From Beyond Meat’s tasty Beyond Burger that boasts an impressive 20 grams of plant-based pea protein per patty to new vegan deli slices from Lightlife that showcase the power of veggies, plant-based foods are taking over the protein space.
While most new plant-based options focus on replacing meats such as beef or chicken, few are venturing into the realm of vegan seafood. The oceans and the impact that our food choices have on them are frequently overlooked by consumers, but many scientists have predicted that fish stocks in our oceans will collapse by the year 2048 due to our increasing demand for salmon and tuna. As if overfishing weren’t bad enough, marine life is also highly endangered by our surplus of plastic trash and other environmental toxins we dump into the world’s waters. In short, as One Green Planet’s co-founder Nil Zacharias once said, we’ve turned our oceans into toilet bowls and “can’t expect to feed ourselves by draining our oceans of fish while simultaneously dumping trash into the very waters from which we source our food.”
If our oceans collapse, then life, as we know it here on Earth, goes with it – so we need a viable alternative to seafood, and we need one fast. Thankfully, there is a new company called Good Catch that has set its sights on revolutionizing seafood.
Co-founded by Chad and Derek Sarno of Wicked Healthy, Eric Schnell and Marci Zaroff of Beyond Brands, and Chris Kerr of New Crop Capital, Good Catch aims to “disrupt the seafood category, not the ocean’s natural resources.” Chef Derek Sarno is also currently in the UK developing plant-based recipes for Tesco, is also lending his talents to Good Catch.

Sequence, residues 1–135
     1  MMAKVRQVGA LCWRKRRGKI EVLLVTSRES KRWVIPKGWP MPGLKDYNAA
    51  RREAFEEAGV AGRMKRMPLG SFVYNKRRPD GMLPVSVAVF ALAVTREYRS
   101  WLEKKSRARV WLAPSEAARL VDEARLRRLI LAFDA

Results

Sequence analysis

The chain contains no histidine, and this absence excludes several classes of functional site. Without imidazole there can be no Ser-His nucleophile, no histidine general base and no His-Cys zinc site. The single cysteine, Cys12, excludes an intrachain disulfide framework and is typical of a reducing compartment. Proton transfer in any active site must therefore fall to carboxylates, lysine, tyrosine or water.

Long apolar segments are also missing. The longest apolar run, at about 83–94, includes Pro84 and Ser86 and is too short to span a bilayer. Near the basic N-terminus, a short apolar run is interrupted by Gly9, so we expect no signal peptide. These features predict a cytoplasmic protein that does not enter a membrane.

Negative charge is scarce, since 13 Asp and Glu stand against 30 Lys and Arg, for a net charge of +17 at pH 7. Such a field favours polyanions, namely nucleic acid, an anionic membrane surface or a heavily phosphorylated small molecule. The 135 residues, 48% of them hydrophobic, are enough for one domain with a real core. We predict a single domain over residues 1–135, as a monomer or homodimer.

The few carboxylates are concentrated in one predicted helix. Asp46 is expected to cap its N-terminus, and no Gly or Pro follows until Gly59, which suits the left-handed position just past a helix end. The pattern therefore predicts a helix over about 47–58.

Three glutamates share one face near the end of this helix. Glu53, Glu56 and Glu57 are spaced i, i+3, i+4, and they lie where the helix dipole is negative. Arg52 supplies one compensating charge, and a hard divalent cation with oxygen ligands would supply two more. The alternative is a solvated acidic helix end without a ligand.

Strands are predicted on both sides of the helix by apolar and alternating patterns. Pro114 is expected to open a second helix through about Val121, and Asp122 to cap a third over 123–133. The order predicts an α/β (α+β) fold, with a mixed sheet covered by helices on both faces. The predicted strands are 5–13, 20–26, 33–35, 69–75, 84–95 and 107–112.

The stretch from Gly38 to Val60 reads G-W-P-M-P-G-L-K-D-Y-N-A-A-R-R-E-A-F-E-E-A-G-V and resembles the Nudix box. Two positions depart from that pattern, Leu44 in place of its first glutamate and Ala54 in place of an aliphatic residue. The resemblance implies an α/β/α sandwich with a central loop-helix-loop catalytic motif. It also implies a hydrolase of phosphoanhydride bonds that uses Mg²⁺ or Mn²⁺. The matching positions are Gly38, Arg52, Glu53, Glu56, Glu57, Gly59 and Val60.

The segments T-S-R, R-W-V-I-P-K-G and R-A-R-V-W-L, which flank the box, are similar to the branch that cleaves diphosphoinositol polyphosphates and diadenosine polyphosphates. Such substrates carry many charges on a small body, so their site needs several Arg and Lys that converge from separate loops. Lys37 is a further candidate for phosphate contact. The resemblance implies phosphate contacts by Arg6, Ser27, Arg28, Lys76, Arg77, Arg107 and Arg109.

So how huge of an impact could Good Catch have? Well, Americans consumed about 4.8 billion pounds of seafood in 2009, most of which was shipped in from other countries after being caught in the ocean or raised in an aquafarm. That same year, about 143 million tons of seafood were consumed globally. The reality is only about one billion people worldwide rely on seafood as their primary source of protein, mostly in developing nations, yet, we here in the West are draining scarce fish stocks at unprecedented rates. The average person in the U.S. eats around 225 fish a year, so if we could replace all of that – or at least a portion of it – with plant-based alternatives, we could help struggling marine populations recover and restore the balance we need to maintain a healthy global environment.
We often think that the ocean is its own, independent ecosystem that has little to do with life on land, but the ocean is responsible for about 70 percent of our oxygen and holds a majority of our freshwater stores in ice sheets. Without a broad and diverse variety of marine life, the healthy ocean ecosystem that stabilizes life for the entire planet will disappear. This is one of the most pressing and ominous issues of our time and the potential impact that Good Catch could have can’t be overlooked.
We are certainly looking forward to seeing Good Catch products hit the shelf, once again proving that the future of food is indeed plant-based.
To learn more about the environmental impact of our food choices as well as trends and developments in the plant-based food space, check out our podcast #EatForThePlanet with Nil Zacharias.